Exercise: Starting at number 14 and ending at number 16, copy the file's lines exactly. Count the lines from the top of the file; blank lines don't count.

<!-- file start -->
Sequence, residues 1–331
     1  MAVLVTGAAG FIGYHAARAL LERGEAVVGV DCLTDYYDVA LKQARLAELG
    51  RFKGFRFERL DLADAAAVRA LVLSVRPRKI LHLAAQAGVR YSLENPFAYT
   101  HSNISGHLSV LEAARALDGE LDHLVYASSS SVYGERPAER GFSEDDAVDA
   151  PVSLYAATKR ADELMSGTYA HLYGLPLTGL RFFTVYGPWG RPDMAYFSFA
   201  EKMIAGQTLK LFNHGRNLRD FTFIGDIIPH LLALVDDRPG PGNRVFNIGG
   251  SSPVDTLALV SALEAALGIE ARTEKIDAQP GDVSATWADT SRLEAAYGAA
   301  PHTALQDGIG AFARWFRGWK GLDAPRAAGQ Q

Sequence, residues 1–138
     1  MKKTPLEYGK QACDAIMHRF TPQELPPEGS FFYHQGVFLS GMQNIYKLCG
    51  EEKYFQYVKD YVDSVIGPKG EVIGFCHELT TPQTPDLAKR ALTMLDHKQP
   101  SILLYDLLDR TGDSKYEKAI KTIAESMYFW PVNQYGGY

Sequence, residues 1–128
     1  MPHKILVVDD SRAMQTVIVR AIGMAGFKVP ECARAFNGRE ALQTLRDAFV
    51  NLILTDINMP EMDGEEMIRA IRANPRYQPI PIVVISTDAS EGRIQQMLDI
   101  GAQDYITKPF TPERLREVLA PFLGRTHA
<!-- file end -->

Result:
     1  MPHKILVVDD SRAMQTVIVR AIGMAGFKVP ECARAFNGRE ALQTLRDAFV
    51  NLILTDINMP EMDGEEMIRA IRANPRYQPI PIVVISTDAS EGRIQQMLDI
   101  GAQDYITKPF TPERLREVLA PFLGRTHA